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Advance Directives Among Health Care Professionals at a Community-Based Cancer Center


      To determine the proportion of health care professionals at our community-based cancer center who had completed advance directives (ADs) and to identify barriers to their doing so.


      On October 11, 2005, we sent a Web-based survey via e-mail to 170 health care professionals who have face-to-face contacts with patients at our institution. These health care professionals included medical (physicians, n=15), associate (physician assistants and nurse practitioners, n=7), and support (nurses, radiation therapists, medical or nurse assistants, social workers, nutritionists, geneticist, chaplain, family counsel- or, and patient liaisons; n=148) staff members. The survey ended on October 31, 2005. For the purpose of this survey, having a written AD was defined as having both a living will and a power of attorney for health care. Key outcome measures of our study were existence of ADs, placement of ADs in the medical record, communication of ADs with loved ones and primary care physician, and factors that influenced the decision to have an AD. Statistical tests included the χ2 and Fisher exact tests.


      Of the 170 health care professionals to whom the survey was sent, 134 (79%) responded. Although 83% reported that they had discussed their wishes regarding future life-sustaining medical care with those closest to them, only 35% had a written AD (58% of medical staff, 50% of associate staff, and 32% of support staff). Among those with ADs, 66% had informed their primary care physician, and 71% were certain that their ADs were in their medical records. Older age (P<.001), role as medical or associate staff (P=.05), and more years of work experience with patients with cancer (P=.05) were associated with having an AD, whereas sex, marital or partnership status, and number of children were not. Perceived lack of time was the most common barrier cited (45%). Among those without an AD, 75% reported having end-of-life discussions with family members or loved ones.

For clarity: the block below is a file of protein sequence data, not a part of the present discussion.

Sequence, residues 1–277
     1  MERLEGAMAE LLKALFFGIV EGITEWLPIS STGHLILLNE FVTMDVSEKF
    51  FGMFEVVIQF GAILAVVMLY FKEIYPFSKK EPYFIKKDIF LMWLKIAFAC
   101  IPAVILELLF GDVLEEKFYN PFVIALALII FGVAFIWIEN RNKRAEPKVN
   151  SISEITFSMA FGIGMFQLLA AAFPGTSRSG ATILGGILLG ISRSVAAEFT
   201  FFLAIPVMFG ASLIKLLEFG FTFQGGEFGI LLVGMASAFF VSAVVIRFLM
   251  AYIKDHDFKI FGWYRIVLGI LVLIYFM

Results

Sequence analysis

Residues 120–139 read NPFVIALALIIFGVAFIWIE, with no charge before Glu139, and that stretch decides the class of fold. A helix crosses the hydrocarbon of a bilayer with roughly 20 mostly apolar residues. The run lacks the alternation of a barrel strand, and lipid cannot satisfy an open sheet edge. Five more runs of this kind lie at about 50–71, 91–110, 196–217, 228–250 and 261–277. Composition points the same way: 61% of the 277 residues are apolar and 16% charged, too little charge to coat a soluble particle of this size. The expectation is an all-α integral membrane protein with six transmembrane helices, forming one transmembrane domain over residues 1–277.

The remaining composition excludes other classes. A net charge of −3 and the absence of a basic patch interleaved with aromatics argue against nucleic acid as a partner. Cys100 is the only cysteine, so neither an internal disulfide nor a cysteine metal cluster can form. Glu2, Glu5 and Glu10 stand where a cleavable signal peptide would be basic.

Despite work experience with patients who have a high mortality rate, health care professionals at our cancer center do not adequately communicate (via a written AD) end-of-life planning decisions to their own primary care physicians.
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      Linked Article

      • Advance Directives: Know What You Want, Get What You Need
        Mayo Clinic ProceedingsVol. 82Issue 12
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          Ongoing progress in the delivery of health care makes the need to clarify patient wishes more critical than ever. This is particularly true for intensive care medicine and palliative care. We can extend life using technologically sophisticated devices that may or may not reverse disease or ensure a quality of life that is compatible with patients' wishes.
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